Earlier this year, CMTA asked for people to organize walks all around the country for CMT awareness. “It would be so great to get Julianna out for something like this,” I thought. I knew she’d love it, but it was the same old story: stupid CMT. It was hard to even leave her room.
After she died, I contacted CMTA. “We want to walk,” I told them. We didn’t have the energy to organize it, but if someone stepped up, we would be there. We’d bring Awkward Unicorn (a Julianna surrogate?) and walk – for her, and because of her.
And it happened. Yesterday, in a park with soaring trees, we gathered for Portland’s first ever CMTA walk.
The weather last week was quintessential gray and rainy Pacific Northwest — but yesterday we got a break.
I said a few things, and learned many more:
Believe it or not, this was the first time we came together — in person — with the CMT community. We’ve known for years that Julianna had CMT, but didn’t think to reach out. Yes, we were very busy keeping Julianna alive, but it was more than that.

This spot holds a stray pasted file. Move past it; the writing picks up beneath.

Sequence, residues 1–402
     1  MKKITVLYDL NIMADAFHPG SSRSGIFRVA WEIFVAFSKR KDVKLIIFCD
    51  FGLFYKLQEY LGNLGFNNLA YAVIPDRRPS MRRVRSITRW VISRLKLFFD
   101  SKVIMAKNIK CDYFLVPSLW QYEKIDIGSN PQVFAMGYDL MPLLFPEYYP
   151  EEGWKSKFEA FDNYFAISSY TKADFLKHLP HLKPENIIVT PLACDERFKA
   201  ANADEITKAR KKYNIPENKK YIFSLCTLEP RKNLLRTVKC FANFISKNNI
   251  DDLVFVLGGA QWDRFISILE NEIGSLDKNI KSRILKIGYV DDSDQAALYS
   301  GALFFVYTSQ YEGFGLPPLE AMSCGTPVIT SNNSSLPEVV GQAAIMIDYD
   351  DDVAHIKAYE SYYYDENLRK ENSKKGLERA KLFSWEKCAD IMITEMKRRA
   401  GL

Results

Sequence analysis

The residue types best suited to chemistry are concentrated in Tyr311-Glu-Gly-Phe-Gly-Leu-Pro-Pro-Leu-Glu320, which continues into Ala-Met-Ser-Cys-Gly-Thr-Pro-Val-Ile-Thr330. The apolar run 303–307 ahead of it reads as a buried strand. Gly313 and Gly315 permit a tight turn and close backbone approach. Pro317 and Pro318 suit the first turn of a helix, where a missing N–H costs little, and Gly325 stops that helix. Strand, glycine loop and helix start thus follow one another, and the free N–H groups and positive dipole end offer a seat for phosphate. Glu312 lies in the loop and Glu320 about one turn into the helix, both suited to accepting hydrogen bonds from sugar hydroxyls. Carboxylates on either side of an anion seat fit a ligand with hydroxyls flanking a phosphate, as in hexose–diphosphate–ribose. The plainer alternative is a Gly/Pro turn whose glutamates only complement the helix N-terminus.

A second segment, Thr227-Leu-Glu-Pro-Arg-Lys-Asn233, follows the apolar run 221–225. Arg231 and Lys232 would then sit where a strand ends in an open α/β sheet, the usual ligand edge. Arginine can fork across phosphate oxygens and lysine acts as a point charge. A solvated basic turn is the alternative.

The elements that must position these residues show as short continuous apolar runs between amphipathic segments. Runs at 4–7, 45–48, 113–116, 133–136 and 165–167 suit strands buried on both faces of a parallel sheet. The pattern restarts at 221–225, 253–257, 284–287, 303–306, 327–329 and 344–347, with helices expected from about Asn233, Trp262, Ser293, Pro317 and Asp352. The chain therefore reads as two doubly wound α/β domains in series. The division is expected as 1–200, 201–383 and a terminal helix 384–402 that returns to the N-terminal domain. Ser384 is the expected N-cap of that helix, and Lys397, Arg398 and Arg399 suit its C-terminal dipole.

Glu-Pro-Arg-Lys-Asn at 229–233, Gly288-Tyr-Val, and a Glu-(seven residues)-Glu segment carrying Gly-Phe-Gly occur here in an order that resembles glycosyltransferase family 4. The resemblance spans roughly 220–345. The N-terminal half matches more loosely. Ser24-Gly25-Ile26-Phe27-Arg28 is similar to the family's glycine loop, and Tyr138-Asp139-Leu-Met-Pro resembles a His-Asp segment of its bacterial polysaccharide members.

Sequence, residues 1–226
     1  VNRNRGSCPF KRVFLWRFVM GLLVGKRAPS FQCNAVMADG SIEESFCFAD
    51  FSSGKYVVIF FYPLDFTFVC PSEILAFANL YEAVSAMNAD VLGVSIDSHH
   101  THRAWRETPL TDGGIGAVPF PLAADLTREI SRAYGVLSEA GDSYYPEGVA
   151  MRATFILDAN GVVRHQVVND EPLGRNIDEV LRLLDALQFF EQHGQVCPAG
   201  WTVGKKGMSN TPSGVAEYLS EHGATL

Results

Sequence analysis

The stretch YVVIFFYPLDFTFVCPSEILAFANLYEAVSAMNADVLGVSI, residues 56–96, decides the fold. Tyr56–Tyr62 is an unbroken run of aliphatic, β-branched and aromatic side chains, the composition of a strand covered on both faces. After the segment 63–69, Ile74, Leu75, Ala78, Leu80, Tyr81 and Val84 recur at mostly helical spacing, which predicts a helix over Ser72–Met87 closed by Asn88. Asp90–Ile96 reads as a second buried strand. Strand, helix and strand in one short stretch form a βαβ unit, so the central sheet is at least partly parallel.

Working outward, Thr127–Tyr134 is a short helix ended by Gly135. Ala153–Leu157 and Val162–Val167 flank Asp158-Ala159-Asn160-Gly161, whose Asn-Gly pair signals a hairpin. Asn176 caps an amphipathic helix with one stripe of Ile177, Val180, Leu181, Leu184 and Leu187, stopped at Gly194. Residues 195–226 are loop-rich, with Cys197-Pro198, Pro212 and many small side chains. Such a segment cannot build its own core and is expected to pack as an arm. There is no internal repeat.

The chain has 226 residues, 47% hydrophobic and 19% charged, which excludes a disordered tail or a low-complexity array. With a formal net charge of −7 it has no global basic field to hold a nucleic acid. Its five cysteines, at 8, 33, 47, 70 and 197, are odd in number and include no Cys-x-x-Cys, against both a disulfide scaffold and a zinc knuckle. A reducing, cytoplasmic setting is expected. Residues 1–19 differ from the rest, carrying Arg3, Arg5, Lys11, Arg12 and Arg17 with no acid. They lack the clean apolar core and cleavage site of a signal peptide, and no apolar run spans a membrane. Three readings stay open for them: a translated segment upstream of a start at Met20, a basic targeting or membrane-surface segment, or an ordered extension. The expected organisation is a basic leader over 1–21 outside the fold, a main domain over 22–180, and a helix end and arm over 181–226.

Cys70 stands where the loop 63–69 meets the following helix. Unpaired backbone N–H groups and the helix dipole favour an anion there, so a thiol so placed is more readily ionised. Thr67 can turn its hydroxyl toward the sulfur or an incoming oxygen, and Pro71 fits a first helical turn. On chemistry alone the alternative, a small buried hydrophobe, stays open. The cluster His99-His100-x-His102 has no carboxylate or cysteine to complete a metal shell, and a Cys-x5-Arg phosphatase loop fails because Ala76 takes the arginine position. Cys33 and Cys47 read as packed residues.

Our CMT is like a freak of nature. In two generations, it went from almost nothing (Steve) to deadly (Julianna). What does that? (We will have an answer soon – I know it). So even though we had a diagnosis, I didn’t feel that we fit in with the CMT community.
Yesterday, I met and learned of others with CMT who also don’t feel like they fit in. There are over eighty different types of CMT, and there is a wide range of severity even within the same type. Many are the first in their family to be diagnosed. So…none of us “fit in.” We are all awkward unicorns.
CMT is a frustrating disease. It’s hard to explain, hard to predict, hard to diagnose — and I say this as a neurologist and a mother who has suffered the ultimate loss because of this awful disease. I have wanted to throw my hands up in the air many, many times. Except that it killed our daughter — so I can’t. I won’t.
My plea (to the world, but especially to the CMT community) is this: We are each other’s best hope. If we come together, we can beat this thing. If we don’t act, who will?
Whatever you can do — walk, talk, write, give, get people to give, educate, be educated, dye your hair blue — do it. Even if it feels awkward.
Huge thanks to Ori and Debbie (and family) for all the work you did to make this walk possible.